A great miracle, right?
But instead of rejoicing, the ruler of the synagogue became indignant, because Jesus had healed her on the Sabbath. He said to the crowd that had gathered, “There are six days on which men ought to work; therefore come and be healed on them, and not on the Sabbath day.” His words reeked with cold-hearted judgment. Can’t you just feel his condescension and arrogance? This leader of the synagogue cared more about the technicalities of his legalistic system than he did about a woman who had suffered for eighteen years.
This is but one confrontation of many Jesus had with the Pharisees regarding healing the sick on the Sabbath. And to me, this is the essence of what it means to be a Pharisee. The leader looked right past a woman who had spent almost two decades in pain, blinded by his need to be right.
Just like the Pharisee that day, the church has allowed our need to uphold the law to leave us indifferent to the needs of people. How often have we focused on the sin, instead of the person? How often have we been so concerned with our own sense of right and wrong that we have ignored the suffering of an individual? How often have we also been blinded by our need to be right and our need to win?
The Pharisee saw a Sabbath, Jesus saw a precious woman who needed to be released from her pain. The Pharisee saw a law that was broken, Jesus saw a woman who was broken. The Pharisee saw the letter of the law, Jesus saw its heart.
It’s a matter of focus
All too often we focus on the sin and forget the person behind it. We condemn the abominable act and ignore the person who has struggled with feelings they cannot just ignore. We are indignant against the addiction and look past the suffering of a precious soul locked in a prison he cannot escape. We judge the behavior of the poor, never stopping to examine the dehumanizing effects of poverty.
Are we so blinded by our need to condemn sin that we forget who we are condemning? We are condemning people. It’s easy to pass judgment on a group. We can dismissively write people off when they are part of the faceless “them.” But what about individual people with hearts and feelings? We have fought political battles and drawn lines in the sand. We have created a culture of “us” against “them.” We have polarized ourselves into groups and separated ourselves from the ones who need His mercy the most.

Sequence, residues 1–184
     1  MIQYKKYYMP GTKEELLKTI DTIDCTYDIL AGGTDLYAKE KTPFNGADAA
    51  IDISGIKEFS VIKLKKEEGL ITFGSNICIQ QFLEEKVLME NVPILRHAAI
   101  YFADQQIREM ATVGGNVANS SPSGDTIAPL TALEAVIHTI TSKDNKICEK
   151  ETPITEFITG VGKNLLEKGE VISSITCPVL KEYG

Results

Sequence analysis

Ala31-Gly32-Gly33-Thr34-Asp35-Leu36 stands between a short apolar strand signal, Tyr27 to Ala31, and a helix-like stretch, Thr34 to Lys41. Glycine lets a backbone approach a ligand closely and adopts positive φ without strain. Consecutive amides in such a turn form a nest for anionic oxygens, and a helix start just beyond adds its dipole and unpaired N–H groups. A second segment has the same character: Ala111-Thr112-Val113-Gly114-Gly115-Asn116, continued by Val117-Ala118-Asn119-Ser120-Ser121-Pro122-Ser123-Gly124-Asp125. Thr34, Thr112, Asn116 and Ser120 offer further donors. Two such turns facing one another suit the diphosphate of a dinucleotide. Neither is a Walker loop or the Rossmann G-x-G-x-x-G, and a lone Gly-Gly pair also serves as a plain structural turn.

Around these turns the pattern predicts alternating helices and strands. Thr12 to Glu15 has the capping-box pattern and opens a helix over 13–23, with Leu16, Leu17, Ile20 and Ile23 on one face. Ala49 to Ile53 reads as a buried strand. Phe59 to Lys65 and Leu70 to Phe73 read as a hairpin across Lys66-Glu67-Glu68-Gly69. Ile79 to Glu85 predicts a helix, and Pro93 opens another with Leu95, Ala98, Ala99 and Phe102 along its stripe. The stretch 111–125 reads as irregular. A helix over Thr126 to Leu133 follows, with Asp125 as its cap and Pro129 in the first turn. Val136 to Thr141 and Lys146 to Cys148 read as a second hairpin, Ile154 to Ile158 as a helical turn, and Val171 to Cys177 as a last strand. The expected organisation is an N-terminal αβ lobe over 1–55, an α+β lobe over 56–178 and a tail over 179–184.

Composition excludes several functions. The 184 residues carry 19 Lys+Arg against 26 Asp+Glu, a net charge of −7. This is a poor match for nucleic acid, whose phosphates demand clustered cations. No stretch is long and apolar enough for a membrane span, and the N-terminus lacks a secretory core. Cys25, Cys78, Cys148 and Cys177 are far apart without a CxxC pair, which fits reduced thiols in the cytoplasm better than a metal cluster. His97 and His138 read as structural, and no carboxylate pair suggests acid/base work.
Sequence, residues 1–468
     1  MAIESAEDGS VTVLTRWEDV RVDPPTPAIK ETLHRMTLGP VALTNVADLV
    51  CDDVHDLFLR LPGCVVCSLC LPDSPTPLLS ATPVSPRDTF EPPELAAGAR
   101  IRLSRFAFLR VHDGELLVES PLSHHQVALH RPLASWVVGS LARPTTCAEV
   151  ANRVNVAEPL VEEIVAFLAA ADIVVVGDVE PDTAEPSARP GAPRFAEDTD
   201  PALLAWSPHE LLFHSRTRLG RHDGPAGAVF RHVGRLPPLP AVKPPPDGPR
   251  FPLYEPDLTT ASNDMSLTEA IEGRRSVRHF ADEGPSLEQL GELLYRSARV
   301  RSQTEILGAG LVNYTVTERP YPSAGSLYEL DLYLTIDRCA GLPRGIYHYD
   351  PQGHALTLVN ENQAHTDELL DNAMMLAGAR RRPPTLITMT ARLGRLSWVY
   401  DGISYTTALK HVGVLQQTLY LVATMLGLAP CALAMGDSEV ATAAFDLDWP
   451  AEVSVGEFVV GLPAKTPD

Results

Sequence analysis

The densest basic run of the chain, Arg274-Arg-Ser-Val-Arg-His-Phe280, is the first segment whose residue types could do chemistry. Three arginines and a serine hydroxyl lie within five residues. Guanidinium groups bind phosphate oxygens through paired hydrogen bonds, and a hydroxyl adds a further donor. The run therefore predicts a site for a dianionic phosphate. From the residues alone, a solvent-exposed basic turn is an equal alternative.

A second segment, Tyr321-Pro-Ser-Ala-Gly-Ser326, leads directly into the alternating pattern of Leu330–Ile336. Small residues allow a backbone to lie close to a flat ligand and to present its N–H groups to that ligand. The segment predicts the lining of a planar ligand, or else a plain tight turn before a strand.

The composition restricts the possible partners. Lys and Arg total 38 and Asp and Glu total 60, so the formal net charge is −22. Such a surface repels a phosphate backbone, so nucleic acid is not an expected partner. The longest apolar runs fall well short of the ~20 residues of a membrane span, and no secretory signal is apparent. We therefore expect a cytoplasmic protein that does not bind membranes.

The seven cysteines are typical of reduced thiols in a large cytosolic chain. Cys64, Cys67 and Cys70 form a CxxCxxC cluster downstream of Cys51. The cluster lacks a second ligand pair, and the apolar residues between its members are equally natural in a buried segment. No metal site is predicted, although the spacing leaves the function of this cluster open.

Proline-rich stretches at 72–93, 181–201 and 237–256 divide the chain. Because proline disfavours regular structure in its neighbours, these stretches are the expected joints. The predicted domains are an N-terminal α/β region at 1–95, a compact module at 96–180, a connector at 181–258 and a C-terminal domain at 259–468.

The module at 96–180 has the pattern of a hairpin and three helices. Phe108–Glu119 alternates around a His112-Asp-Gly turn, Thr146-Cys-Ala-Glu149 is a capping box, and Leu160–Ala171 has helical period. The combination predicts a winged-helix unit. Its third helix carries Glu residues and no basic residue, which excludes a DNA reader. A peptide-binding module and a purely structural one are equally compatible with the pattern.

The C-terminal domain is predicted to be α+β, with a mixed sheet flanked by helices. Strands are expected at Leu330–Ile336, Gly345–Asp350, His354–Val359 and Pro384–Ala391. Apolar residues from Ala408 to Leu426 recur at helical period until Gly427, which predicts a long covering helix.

Jesus didn’t see groups, He saw people. He didn’t condemn “adulterers,” instead He showed mercy to a woman who had been caught in the act. He didn’t dismiss “Sabbath violators,” he simply healed a woman who had suffered for eighteen years. He didn’t ignore a thief on the cross, but even in death had compassion on a repentant soul.
We are called to love
I think many feel to simply love another without judgment somehow makes them guilty of approving of the person’s sin. Nothing could be farther from the truth. The fact is, they are sinning against God, not us. And He is more than able to hold them accountable for their actions. When they stand before their maker, they will have no excuse. Besides, Jesus was accused of being easy on sin as well.
We seem to feel the need to confront evil. So did Jesus. He confronted the evil of arrogant, hypocritical condemnation and judgment. He confronted the Pharisees and the evil of their adherence to law at the expense of mercy. He regularly confronted those who placed their own need to be right ahead of the needs of others to be healed.
Jesus called us, by His words and actions, to love the sinner and have compassion on the outcast. There were no qualifications. There were no conditions. Mercy trumps judgment. Grace overcomes condemnation. Jesus heals, no matter what the law says.
The Pharisee sees sinners in need of judgment. Jesus sees sinners in need of redemption.
What do we see?